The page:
Food systems activities (including producing, processing, distributing and consuming food) have changed dramatically over recent decades. These changes have significantly reduced the proportion of the global population who do not have enough calories, but about one billion people are still hungry and over two billion people still do not have sufficient nutrients to lead a healthy life. Paradoxically, over two and a half billion people are now consuming too much. Meanwhile, all food system activities contribute to degrading the natural resources upon which our food security depends. How can food systems be better managed to improve food security and health outcomes with lower environmental ‘footprint’, while maintaining vibrant enterprises and livelihood opportunities? And how can we build the new professions needed to do this?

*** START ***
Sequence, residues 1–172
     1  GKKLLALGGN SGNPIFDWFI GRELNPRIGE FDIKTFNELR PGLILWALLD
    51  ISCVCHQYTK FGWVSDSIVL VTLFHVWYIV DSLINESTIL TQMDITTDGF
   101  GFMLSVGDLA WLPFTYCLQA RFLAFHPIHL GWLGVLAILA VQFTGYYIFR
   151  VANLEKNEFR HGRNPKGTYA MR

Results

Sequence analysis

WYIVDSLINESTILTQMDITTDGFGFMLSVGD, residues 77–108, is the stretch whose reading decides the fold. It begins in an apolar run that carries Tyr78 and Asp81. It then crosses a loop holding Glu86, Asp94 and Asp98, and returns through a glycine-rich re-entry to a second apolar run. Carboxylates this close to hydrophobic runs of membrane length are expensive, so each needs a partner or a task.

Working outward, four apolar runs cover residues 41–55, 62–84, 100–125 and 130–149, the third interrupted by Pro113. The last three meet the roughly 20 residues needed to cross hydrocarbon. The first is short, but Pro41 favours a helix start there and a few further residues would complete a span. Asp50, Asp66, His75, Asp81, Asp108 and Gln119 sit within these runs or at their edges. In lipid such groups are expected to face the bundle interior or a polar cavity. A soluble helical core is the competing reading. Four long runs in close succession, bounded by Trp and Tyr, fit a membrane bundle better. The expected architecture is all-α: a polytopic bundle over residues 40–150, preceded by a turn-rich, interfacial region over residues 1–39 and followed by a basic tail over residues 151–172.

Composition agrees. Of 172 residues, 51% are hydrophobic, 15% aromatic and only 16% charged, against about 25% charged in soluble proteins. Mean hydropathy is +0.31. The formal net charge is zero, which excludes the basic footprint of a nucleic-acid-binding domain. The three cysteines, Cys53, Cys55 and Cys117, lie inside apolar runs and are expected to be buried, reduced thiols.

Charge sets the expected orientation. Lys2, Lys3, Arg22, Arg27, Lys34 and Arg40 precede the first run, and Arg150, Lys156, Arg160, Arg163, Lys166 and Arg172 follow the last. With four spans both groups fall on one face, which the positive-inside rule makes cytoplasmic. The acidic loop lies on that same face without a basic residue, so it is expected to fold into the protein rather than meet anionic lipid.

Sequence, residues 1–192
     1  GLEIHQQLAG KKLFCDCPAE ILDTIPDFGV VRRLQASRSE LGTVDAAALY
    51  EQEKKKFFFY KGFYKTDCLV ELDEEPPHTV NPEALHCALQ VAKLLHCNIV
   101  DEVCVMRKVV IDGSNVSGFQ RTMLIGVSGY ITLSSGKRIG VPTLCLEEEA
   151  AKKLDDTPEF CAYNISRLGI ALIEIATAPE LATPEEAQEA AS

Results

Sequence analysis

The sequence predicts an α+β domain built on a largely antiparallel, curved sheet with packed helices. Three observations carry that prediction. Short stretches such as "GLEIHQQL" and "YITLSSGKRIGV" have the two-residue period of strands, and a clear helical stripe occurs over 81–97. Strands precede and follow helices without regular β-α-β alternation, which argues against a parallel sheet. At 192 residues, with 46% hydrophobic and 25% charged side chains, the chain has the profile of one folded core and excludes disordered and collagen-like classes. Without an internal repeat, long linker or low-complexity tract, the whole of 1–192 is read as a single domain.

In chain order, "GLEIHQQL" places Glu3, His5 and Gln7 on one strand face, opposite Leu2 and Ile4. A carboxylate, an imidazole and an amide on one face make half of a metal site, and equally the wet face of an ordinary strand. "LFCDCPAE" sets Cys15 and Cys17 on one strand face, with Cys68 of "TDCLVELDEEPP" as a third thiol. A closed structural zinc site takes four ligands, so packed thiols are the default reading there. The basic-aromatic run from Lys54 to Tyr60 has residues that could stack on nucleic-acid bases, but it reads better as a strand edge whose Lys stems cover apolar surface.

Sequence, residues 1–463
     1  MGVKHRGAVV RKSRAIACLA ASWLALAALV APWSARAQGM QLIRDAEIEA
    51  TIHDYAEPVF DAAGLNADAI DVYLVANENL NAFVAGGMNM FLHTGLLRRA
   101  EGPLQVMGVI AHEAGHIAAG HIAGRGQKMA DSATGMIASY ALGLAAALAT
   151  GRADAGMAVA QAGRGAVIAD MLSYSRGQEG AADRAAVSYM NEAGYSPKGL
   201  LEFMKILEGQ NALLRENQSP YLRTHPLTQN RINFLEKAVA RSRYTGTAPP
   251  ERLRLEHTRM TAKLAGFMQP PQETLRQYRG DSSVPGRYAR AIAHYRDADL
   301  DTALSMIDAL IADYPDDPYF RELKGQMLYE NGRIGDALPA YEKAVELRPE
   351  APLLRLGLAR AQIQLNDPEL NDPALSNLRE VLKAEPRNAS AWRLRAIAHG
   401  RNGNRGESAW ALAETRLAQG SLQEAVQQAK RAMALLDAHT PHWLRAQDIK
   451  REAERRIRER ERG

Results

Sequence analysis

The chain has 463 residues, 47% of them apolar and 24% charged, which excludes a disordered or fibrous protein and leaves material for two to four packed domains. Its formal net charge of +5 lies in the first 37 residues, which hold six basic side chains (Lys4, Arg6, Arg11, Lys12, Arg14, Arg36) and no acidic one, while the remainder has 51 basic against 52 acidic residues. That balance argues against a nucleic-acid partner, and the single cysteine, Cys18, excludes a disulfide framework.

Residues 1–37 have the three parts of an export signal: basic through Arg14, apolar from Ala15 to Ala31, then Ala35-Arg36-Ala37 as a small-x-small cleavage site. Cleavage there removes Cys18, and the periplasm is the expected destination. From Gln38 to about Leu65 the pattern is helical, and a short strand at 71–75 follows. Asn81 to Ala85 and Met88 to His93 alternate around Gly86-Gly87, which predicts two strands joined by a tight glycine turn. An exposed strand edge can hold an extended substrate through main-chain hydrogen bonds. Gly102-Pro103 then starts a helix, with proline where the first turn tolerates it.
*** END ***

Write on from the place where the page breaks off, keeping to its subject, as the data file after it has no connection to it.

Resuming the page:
The ECI has an internationally-recognised track record in food systems research, with special emphasis on the interactions with environmental change. Key strengths include using a food systems lens for research and training on food security issues, and developing research partnerships with a wide range of stakeholders including business, policy, development agencies, NGOs and academia at large.
To use an integrated food systems approach and innovative methods and tools to help a wide range of stakeholders develop and implement enhanced food system policy and practice. Research is aimed at delivering outcomes better balanced across food security, livelihoods and enterprise, and environmental goals.
Many people agree that food production and animal rearing contributes to environmental problems, but there is less unanimity as to the causes of these problemGarnett, T. (2015) Gut feelings and possible tomorrows: (where) does animal farming fit? FCRN research report